What Are States Doing About Private Election Funding by Soros, Zuckerberg & Others?

   A good rule of thumb, after a stolen election, is to know which states are actually passing bills to prevent the thievery from happening again.

Recall the run-up to the November 3, 2020 general election of President Donald J. Trump and “Basement” Joe Biden.

One of the primary reasons “Hidin’ Biden” didn’t come out to play much was because of Facebook CEO Mark Zuckerberg.

Zuckerberg and his wife, Dr. Priscilla Chan, donated $400 million–$350 million to the Center for Tech and Civic Life (CTCL) and $50 million to the Center for Election Innovation and Research (CEIR)–to fund election administration efforts.

We saw the results: fraudulent elections.

Today, George Soros-linked Attorneys General, District Attorneys and prosecutors oversee 20% of the U.S. population, including half of the country’s most populous cities, but more than 40% of all murders.

In the last two election cycles, Soros poured $40 million into getting his candidates elected, many without any previous prosecutorial experience.

In 10 races alone, he spent $13 million, with some candidates constituting 90% of campaign funding. The funding was directed through affiliates, pass-through committees, and shell corporations.

Currently, there are 70 Soros bought prosecutors in office after 12 left office in 2022.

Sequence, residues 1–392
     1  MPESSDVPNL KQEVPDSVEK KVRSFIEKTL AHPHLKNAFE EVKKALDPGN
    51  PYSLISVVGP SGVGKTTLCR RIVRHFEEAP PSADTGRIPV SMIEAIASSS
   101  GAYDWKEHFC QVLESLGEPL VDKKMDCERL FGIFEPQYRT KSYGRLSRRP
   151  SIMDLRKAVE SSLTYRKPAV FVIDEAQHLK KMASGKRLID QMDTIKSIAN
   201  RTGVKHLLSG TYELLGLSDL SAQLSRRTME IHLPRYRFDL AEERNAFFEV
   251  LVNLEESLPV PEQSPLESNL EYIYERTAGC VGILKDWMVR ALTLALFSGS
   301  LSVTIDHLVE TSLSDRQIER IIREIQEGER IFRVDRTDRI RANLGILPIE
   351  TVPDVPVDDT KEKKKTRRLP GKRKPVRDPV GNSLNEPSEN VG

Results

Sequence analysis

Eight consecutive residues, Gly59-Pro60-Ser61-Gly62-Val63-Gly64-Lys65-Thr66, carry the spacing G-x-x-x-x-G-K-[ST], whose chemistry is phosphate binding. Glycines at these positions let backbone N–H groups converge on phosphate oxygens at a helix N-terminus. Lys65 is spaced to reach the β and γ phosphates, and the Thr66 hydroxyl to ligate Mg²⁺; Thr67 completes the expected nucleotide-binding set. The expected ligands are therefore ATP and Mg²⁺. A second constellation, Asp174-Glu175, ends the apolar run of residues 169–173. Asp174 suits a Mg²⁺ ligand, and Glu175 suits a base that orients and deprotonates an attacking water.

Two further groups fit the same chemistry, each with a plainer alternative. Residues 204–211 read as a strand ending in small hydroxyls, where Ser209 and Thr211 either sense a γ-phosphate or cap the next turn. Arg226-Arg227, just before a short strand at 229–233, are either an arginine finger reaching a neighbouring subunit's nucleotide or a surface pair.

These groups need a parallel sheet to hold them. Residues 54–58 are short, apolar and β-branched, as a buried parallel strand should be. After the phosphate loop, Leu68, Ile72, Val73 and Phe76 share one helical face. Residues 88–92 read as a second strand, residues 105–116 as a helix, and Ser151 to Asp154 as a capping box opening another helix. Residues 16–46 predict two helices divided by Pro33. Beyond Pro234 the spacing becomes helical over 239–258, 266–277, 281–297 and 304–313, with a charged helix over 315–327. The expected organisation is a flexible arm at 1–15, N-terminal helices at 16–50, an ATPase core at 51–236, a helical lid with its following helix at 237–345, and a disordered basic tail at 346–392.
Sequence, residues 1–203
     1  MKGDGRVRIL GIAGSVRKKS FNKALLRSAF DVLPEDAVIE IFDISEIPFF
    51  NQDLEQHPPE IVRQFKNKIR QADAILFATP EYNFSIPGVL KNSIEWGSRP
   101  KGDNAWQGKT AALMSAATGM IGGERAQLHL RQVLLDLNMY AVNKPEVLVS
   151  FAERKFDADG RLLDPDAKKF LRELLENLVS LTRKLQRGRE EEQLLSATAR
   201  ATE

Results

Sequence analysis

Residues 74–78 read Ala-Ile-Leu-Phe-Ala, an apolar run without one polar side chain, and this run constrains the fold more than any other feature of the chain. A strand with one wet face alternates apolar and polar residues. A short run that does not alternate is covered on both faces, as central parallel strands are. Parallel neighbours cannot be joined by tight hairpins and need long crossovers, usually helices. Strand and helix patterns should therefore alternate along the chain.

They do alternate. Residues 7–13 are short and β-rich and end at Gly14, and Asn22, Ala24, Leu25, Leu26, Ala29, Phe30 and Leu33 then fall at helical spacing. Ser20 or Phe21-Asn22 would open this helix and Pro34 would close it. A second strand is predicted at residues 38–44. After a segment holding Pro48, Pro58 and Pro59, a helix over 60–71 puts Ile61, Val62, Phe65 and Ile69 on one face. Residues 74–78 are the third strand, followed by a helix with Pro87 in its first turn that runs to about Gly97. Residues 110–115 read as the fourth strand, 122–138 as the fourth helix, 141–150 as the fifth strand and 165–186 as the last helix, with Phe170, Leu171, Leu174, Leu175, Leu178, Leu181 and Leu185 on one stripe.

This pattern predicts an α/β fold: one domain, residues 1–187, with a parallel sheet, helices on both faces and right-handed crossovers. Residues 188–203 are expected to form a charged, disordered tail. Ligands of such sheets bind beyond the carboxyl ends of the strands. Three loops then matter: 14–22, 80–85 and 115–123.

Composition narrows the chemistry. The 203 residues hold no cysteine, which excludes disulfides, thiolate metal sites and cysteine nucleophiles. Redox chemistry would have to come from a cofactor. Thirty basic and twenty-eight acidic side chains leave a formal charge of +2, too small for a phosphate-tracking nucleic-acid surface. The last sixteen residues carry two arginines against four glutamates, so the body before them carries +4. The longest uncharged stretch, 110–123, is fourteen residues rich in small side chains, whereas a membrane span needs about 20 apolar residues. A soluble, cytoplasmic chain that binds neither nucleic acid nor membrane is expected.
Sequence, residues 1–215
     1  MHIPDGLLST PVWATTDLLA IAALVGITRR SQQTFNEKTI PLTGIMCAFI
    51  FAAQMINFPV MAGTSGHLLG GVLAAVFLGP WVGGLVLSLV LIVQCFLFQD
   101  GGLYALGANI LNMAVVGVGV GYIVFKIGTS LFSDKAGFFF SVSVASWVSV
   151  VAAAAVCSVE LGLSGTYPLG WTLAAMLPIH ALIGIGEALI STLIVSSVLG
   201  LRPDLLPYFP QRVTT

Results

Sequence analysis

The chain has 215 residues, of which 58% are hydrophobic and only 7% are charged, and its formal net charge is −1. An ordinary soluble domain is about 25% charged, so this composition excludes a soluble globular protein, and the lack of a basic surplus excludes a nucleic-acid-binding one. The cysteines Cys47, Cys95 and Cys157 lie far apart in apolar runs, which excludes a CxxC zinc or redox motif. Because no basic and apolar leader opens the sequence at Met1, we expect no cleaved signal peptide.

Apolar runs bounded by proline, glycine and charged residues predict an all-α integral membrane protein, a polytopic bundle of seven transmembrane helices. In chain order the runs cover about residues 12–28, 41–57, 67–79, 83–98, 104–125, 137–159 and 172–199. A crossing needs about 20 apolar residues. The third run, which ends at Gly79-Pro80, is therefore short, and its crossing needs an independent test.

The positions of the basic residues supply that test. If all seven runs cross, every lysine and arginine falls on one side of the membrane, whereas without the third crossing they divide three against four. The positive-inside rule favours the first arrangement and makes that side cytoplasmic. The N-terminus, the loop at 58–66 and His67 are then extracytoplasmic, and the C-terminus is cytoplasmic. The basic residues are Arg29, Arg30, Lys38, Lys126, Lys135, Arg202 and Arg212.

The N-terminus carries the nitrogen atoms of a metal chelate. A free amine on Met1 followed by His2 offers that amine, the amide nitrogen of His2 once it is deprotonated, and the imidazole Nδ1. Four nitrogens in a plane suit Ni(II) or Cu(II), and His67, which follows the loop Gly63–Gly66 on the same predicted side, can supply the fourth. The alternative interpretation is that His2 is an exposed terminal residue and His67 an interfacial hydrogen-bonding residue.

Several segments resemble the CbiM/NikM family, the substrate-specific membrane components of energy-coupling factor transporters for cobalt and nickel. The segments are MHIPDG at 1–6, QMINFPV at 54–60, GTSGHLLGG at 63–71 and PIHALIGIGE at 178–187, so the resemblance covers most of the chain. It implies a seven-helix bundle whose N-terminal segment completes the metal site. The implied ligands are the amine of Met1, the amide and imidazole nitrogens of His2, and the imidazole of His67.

Soros uses far-left organizations like the Democracy Alliance to do the dirty work.

Founded in 2005, they describe themselves as “a preeminent network of donors dedicated to building the progressive movement in the United States. We play a leading role in fostering the infrastructure necessary to advance a progressive agenda for America.”

The aftermath is destroying America. Zuckerberg and Soros donations have led to much of the legislative activity surrounding the practice of private funding of elections.

Private funding of elections refers to the practice of non-governmental entities providing funds for election administration efforts and expenses. In 2022, state legislatures considered 67 bills related to this practice.

In 2023, so far, there have been 24 more bills related to the private funding of election administration, down from 40 at this point in 2022.

Republicans sponsored 21 of the bills, while Democratic legislators sponsored one.


Two bills in Oregon were introduced without legislative sponsorship at the request of the Democratic secretary of state, allowing her to conduct studies on election funding by September, 15, 2024–just weeks before the 2024 major election.

The Freedom Foundation explained the Soros link to Oregon politics in 2015:

In 2018, Whitney Tymas, an attorney who acts as the treasurer of a number of Soros PACs, filed with the state for the Oregon Law & Justice PAC, which intended “support candidates advocating for justice.”


Twenty-four states have enacted legislation restricting the use of private funds in election administration since 2021, including 21 of the 28 states where Republicans currently control both legislative chambers. The seven Republican-controlled legislatures that have not done so are Iowa, Louisiana, Montana, New Hampshire, North Carolina, and Wisconsin.